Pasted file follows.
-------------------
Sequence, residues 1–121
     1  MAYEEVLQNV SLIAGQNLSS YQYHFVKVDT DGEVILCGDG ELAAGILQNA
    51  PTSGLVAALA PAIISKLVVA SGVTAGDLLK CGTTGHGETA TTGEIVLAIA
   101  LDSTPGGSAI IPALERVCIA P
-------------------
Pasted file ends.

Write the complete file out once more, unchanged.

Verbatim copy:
Sequence, residues 1–121
     1  MAYEEVLQNV SLIAGQNLSS YQYHFVKVDT DGEVILCGDG ELAAGILQNA
    51  PTSGLVAALA PAIISKLVVA SGVTAGDLLK CGTTGHGETA TTGEIVLAIA
   101  LDSTPGGSAI IPALERVCIA P